This application is also related to U.S. patent application Ser. No. 14/467,877, filed Aug. 25, 2014, and entitled “SYSTEMS AND METHODS FOR CHANGING BEHAVIOR OF COMPUTER PROGRAM ELEMENTS BASED ON GAZE INPUT,” the entire disclosure of which is hereby incorporated by reference, for all purposes, as if fully set forth herein.

BACKGROUND OF THE INVENTION

The present invention generally relates to systems and methods for human and computer interaction utilizing gaze direction information, and in particular, to systems and methods for use in relation to graphical user interfaces, games or other human computer interaction intensive applications.

Interactions between users and computers comprise many forms and have evolved heavily over the years. Typical interactions are based upon mechanical type inputs by the user, to the computer. For example a user typically drives a computer through the use of a keyboard and mouse. The keyboard and mouse rely heavily upon a user's fine motor skills and reflexes. Taking a modern computer game as an example, success may depend on the ability to quickly and accurately move a mouse in response to actions shown upon a screen. A user's skill at the game is therefore dictated by their level of coordination.

Recently, new input modalities have gained popularity. For example touch and gesture based input devices are now in somewhat popular use. A touch based input device relies on a user physically contacting a surface, normally a display, in order to interact with a computer. A gesture based input device relies on a user performing a gesture with a body part, for example waving or swiping in mid-air with a hand. This gesture is captured by an optical system of some form comprising a camera and light source.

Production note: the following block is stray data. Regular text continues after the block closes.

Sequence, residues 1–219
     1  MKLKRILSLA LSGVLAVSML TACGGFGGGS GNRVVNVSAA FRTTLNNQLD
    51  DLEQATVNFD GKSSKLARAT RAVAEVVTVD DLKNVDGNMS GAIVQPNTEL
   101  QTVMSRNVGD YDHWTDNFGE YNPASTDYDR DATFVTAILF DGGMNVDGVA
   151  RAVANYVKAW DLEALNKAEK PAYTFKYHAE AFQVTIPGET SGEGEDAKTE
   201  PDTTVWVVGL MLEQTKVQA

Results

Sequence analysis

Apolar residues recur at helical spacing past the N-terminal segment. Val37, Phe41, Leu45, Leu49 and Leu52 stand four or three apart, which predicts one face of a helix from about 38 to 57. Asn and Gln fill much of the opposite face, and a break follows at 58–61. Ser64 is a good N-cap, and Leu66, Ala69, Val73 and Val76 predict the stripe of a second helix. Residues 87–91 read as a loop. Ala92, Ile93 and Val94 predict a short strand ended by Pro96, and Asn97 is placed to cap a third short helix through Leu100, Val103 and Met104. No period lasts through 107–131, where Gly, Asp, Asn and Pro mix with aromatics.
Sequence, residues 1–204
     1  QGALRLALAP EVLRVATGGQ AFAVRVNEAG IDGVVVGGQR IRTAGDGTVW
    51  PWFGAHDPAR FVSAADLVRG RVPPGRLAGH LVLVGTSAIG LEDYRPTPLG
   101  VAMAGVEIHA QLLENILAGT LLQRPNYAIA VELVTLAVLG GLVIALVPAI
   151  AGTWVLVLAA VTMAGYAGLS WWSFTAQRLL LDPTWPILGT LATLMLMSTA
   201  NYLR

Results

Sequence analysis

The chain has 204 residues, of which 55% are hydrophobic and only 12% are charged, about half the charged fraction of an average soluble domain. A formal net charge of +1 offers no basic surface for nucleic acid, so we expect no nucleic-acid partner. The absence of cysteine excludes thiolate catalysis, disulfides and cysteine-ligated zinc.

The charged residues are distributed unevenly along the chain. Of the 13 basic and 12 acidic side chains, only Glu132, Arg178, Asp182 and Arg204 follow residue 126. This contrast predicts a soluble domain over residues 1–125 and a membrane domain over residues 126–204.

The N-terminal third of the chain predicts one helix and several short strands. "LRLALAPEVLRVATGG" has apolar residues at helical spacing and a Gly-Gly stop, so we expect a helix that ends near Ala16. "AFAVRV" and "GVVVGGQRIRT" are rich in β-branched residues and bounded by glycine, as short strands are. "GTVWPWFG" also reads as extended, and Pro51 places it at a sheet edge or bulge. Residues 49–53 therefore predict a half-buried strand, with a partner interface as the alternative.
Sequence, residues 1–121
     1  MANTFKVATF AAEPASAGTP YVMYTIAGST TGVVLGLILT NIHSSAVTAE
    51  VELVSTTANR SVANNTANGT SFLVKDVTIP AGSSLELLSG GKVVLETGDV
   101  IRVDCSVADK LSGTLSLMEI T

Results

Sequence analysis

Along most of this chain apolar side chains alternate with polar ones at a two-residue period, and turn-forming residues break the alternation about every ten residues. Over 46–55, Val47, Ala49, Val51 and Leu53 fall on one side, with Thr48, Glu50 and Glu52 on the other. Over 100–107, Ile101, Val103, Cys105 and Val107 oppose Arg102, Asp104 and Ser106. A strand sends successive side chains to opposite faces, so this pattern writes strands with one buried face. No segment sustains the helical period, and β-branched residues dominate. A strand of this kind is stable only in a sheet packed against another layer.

All traditional input modalities share a common problem, they rely on a user's ability to accurately direct a body part to a particular point of interest on a computer display. This introduces the possibility of error between a user's intended point of interest on the display, and the actual point of interest provided to the computer via the traditional input modality.